However, the decree makes it clear that Gentiles do not have to be circumcised, nor do they have to obey the laws of Moses. They are circumcised spiritually, not physically. God never gave those commands to the Gentiles.


To summarize: Some men said that Gentiles should be circumcised and obey the laws of Moses or else they could not be saved. Not so, said the apostles. Gentiles are saved by grace and faith. God is pleased to dwell in people who aren’t circumcised and who don’t keep the rituals. But since Moses is widely preached, we need to give a decree that clearly distinguishes the Christian faith from the Law of Moses. This pleased the entire church, so they wrote it in a letter and sent it to Antioch, where they “were glad for its encouraging message”

  • The history is interesting, but this doesn't really answer my question, namely how Christians interpret Deuteronomy 13:1-4. – Malper Dec 9 '13 at 1:27
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    The first paragraph answers exactly that. It's interpreted as being applicable to the nation of Israel, not the Church. The rest shows the basis of that interpretation. – David Stratton Dec 9 '13 at 1:29
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    But didn't Jesus break the Mosaic law on occasion? I seem to remember that he, for example, broke the Sabbath at some point in the Christian Bible. – Malper Dec 9 '13 at 1:31
  • That would be a different question,and if you're looking fr something that ẃill convince you, personally,you're on the wrong site. I truly mean no offense, but we're not here to convince you.. You asked for the basis for resolving an apparent discrepancy,which I gave. The fact that it is unsatisfying is unfortunate, but proving points is not within the guidelines for the site. I'd ask that second question, or edit this one to ask for more. – David Stratton Dec 9 '13 at 1:41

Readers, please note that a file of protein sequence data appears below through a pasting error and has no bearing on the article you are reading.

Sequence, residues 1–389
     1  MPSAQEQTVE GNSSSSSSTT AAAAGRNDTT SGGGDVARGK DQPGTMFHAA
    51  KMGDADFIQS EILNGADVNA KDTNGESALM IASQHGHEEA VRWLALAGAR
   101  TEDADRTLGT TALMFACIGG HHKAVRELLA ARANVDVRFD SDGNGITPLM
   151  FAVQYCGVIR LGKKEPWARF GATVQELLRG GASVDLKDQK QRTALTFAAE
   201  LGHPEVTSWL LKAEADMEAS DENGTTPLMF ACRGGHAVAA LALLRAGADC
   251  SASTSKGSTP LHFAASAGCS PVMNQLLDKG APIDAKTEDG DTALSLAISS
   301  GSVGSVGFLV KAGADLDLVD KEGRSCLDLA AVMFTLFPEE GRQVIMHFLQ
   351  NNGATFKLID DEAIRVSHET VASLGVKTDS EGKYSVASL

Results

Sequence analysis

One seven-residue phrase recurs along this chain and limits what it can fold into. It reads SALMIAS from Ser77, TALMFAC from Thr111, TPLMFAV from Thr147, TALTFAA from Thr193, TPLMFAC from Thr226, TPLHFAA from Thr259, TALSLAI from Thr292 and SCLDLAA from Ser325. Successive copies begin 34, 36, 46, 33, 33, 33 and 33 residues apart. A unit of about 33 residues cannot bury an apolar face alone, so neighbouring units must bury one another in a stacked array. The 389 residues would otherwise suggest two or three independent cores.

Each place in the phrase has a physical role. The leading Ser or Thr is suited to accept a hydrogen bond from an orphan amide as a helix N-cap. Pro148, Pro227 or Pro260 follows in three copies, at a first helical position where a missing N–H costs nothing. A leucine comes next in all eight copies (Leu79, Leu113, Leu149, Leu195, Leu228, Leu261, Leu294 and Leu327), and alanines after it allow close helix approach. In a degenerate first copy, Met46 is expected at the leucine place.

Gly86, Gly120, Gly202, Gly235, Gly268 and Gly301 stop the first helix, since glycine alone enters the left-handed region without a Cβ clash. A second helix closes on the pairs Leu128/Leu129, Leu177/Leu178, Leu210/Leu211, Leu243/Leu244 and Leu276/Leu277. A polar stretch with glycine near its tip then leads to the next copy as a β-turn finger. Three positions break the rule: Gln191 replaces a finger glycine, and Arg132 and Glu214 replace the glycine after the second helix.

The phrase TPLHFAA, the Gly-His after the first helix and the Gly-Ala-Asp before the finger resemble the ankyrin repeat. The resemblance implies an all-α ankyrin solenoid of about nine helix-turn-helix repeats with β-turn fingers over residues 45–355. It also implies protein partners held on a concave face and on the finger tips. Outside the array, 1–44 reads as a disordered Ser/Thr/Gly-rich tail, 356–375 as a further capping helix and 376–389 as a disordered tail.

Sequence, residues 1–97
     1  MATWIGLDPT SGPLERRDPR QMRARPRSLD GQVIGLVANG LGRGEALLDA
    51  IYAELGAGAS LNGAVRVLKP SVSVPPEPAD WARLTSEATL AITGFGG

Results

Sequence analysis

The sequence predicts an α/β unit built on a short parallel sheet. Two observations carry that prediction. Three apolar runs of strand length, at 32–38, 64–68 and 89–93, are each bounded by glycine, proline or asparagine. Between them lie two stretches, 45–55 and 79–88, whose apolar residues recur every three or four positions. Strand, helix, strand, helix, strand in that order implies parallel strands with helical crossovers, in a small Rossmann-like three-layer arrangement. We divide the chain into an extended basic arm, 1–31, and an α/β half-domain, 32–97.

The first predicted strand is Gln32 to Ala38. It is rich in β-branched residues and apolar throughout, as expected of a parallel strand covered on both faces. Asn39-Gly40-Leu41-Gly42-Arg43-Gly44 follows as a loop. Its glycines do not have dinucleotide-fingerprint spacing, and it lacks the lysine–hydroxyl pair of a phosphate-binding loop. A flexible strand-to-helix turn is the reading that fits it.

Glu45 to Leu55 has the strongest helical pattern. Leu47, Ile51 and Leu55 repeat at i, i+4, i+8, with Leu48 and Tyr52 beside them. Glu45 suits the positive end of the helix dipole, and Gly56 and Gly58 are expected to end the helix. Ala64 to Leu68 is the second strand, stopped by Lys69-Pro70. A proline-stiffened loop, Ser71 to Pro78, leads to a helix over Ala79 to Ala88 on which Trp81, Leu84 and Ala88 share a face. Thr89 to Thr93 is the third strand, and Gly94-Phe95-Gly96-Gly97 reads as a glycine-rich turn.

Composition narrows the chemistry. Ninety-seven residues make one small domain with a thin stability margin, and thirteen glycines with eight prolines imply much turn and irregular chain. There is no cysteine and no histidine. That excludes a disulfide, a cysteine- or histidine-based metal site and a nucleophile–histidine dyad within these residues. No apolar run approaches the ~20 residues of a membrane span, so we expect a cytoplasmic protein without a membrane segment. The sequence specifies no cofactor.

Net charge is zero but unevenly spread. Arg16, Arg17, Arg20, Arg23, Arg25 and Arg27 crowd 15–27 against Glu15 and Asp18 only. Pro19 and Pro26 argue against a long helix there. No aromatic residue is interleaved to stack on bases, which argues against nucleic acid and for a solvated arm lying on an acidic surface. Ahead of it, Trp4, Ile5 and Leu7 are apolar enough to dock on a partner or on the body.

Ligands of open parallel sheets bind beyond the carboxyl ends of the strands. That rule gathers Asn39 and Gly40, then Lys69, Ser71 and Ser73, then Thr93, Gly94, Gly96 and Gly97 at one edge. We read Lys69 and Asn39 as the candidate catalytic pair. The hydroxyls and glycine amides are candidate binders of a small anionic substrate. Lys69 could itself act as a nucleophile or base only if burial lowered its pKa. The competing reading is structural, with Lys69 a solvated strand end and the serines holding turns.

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    Malper, I think you should ask another question "Did Jesus break the Sabbath?" or similar. – Matt Dec 9 '13 at 2:33

Moses is saying that the covenant must be kept intact - today we'd say that if they change the terms of the contract they break the contract!

Gentile Christians however were never part of the Old Mosaic covenant, and so they are not bound by it. To use the analogy of an employment contract, imagine there are two workers at a company. One has a contract, and another is casually employed. (I'm not a lawyer, I don't know how realistic this is!) The one who has the contract may not change it, and the one who is casually employed is not bound by the other one's contract. The casually employed one may decide they like what the other one's contract says and work as if they were bound by it, but that won't make them part of the contract.

To give another analogy, residents of one country are not required to obey the laws of another country, though they may take inspiration from the laws of other countries. So Christians are not required to obey the Old Testament Law, but there is much in the Law which Christians will want to pay strong attention to.

  • I thought that Jesus himself broke the Mosaic laws on occasion, despite being Jewish himself... – Malper Dec 9 '13 at 1:34
  • You may like to see this question – curiousdannii Dec 9 '13 at 1:36
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    What about the Jewish Christians? None of the answers seem to address whether Jews who accept Jesus should continue to follow the Law. – Gregory Magarshak Jun 8 '14 at 8:06

Jesus himself said he came to fulfill the law not to change it.

The Gentile Christians were not supposed to follow Mosaic Law, but Noahic Law, per the Jews. As was pointed out above, this was approved by the early counsel in Jerusalem when Paul put the question before them. This was already part of Jewish tradition, for Gentiles. The main question, really, was do Christians have to become Jews before they can be Christians. That Counsel made it clear they do not.

  • This is a good answer, Mary, but the part about being required to follow to Noahide laws and reference to an early counsel really requires a source. As it sits, we just have to take your word for it that you are representing what happened accurately. – fredsbend Jan 31 '14 at 16:40

I think this verse speaks it plainly.

Romans 2:14 For when the Gentiles, which have not the law, do by nature the things contained in the law, these, having not the law, are a law unto themselves:

The verses you quote is not for Christians and never was meant to be. It was specifically given to the Hebrew people.


Taking things in context helps clear up a lot of problems. When Moses says "All this I command you" - who was the "you" he was talking to? The answer is - the people of the 12 tribes of Israel. It was not addressed to the entire human race down through history.